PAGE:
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UM Pediatric Team Delivers Supplies and Support to Puerto Rico’s Physicians

A six-person pediatric team from the University of Miami Miller School of Medicine traveled to Puerto Rico on October 10 to provide firsthand support for their colleagues in San Juan and two rural impoverished communities still devastated by Hurricane Maria.

Before the return to Miami, from left, Melvin Bonilla, M.D., chair of pediatrics at University Pediatric Hospital in Puerto Rico, Delia Rivera Hernandez, M.D., assistant professor of clinical pediatrics, Alan Bass, pilot, Cindy Calderon, M.D., vice president of the PR Chapter of the American Academy of Puerto Rico and consultant for the Maternal, Child, Adolescent Health Bureau of Puerto Rico, Judy Schaechter, M.D., M.B.A., chair of pediatrics and chief of service at Holtz Children’s Hospital, Roberto Perez Roman, M.D., neurosurgery resident, Tania Fontanez-Nieves, M.D., assistant professor of clinical pediatrics, and Maria Gaby Balsa-Guerrero, M.D., and Mora Puertolas-Lopez, M.D., both pediatric residents.

“Our purpose was to bring badly needed medical supplies, assess the situation and let Puerto Rico’s pediatric community know we will continue to support them throughout the recovery – no matter how long that takes,” said Judy Schaechter, M.D., professor and chair of pediatrics. “We felt they would appreciate a personal opportunity to discuss their immediate needs and how we can work together in the long-term recovery of Puerto Rico’s health care system.”

Schaechter, two other faculty members, and three residents visited University Pediatric Hospital, an affiliate of the Medical Science Campus of the University of Puerto Rico, and met with Melvin Bonilla, M.D., chair of pediatrics; Yasmin Pedrogo, M.D., president of the Puerto Rico Chapter of the American Academy of Pediatrics; Cindy Calderon, M.D., a pediatrician with San Juan’s Maternal, Child, and Adolescent Health Bureau; and Aurines Torres, Ed.D., with UPR’s public health department.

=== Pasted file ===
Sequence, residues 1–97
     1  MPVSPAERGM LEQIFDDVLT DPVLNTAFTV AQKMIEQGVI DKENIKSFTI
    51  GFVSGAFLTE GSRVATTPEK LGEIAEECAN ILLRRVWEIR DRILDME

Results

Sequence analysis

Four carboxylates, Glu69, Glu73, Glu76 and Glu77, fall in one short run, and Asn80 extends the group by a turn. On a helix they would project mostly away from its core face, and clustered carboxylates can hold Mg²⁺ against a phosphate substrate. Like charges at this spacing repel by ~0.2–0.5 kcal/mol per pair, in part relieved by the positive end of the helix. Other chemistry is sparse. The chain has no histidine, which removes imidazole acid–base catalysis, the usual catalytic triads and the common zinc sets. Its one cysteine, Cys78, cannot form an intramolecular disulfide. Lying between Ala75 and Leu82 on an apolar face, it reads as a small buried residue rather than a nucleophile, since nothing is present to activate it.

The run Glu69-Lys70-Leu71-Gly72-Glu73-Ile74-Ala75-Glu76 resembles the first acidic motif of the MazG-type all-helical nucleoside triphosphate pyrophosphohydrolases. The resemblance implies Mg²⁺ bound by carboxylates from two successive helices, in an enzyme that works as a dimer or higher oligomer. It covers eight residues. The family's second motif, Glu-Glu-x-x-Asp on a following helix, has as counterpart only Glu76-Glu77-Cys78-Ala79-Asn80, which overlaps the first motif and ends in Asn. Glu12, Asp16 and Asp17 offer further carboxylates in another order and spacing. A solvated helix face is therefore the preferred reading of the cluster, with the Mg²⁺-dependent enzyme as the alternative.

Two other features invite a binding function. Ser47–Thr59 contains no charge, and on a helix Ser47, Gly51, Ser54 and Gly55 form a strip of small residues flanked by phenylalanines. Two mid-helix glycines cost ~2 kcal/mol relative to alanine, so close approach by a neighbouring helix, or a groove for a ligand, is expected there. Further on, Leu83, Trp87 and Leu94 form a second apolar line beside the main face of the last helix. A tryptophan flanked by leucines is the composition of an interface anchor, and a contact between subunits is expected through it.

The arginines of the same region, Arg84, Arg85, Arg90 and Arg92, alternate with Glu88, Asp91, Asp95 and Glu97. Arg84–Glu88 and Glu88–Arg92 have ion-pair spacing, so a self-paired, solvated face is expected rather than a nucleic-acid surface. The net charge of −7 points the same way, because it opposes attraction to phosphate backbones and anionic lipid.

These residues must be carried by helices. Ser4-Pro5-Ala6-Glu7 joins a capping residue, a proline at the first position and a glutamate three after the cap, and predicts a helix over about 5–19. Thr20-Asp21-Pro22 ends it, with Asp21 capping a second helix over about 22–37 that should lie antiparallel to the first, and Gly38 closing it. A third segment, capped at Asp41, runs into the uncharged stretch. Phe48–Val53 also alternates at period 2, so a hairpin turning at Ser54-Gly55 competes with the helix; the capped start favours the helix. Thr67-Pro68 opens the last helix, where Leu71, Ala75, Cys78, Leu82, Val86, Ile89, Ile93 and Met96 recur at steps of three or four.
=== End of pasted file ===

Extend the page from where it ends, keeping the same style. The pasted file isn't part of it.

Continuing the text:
“They gave us a tour of the hospital, including the neonatal intensive care unit, which had been damaged by the hurricane and had partially reopened that day,” Schaechter said. “They had also converted their conference room into a distribution center where arriving supplies were sorted and sent to outlying areas. We saw a great deal of positive spirit but there is a great need for ongoing support.”

The Miller School team, which included three professionals born in Puerto Rico, also delivered medical devices, medications, respiratory supplies, formula for healthy infants and for those on special metabolic diets, and diapers provided by the Miami Diaper Bank.

Parents with their children at the pediatric hospital.

From San Juan, the UM team traveled to Pinones and Canovanas, east and south of the capital, to provide immediate assistance to residents living in crowded shelters. “We cared for a number of patients who hadn’t had access to a pediatrician since the hurricane hit more than two weeks ago,” Schaechter said. “We also explained how to sanitize hands when no water is available. We saw cases of scabies, skin infections and abdominal pain as well. It’s very hard to stay healthy when you can’t wash clothes, drink clean water or keep mosquitoes away.”

Gathering supplies

Back in Miami, Michael Kelley, executive director of strategic operations, said the Miller School is sending a stream of medical supplies and medications to Puerto Rico by private jet so local physicians can continue treating their patients. “While more and more clinics and hospitals are coming back on line, they are still relying on generator power,” Kelley said. “The ambulatory surgery centers may not be able to reopen until the electric grid is restored.”

Due to the lack of power, Puerto Rico’s physicians and clinics are running out of perishable medications for glaucoma, macular degeneration, diabetes and other conditions that require medications, said Eduardo C. Alfonso, M.D., director of Bascom Palmer Eye Institute, and professor and Kathleen and Stanley J. Glaser Chair in Ophthalmology. “Through a communications network we set up for ophthalmic care on the island, we are hearing about an increase in acute hemorrhagic conjunctivitis (pink eye), which is very contagious when people are living closely together in shelters. There has also been a sharp increase in traumatic eye injuries from flying debris, clearing streets and roads, and repairing homes and other buildings.”

Hospital workers organizing donated supplies.

The Miller School is also coordinating the shipment of about 150 pallets of donated goods provided through the efforts of Univision and Leon Medical Centers, according to Ron Bogue, assistant vice president for facilities and support services. “Our leadership team is arranging transportation to get these donations – as well as another 150 pallets of medical supplies – to Puerto Rico as soon as possible,” he said. “We are glad to support these vital relief efforts for patients on the island.”

Looking ahead, Miller School leadership, faculty and students are continuing to assess the medical and public health situation in Puerto Rico and how they might impact South Florida in the future. “We expect to see more children and families come here for care,” said Schaechter. “We want to help them make the adjustment and provide for their physical, mental and emotional well-being.”








Tags: Dr. Judy Schaechter, Hurricane Maria, pediatrics, Puerto Rico, University of Miami Miller School of Medicine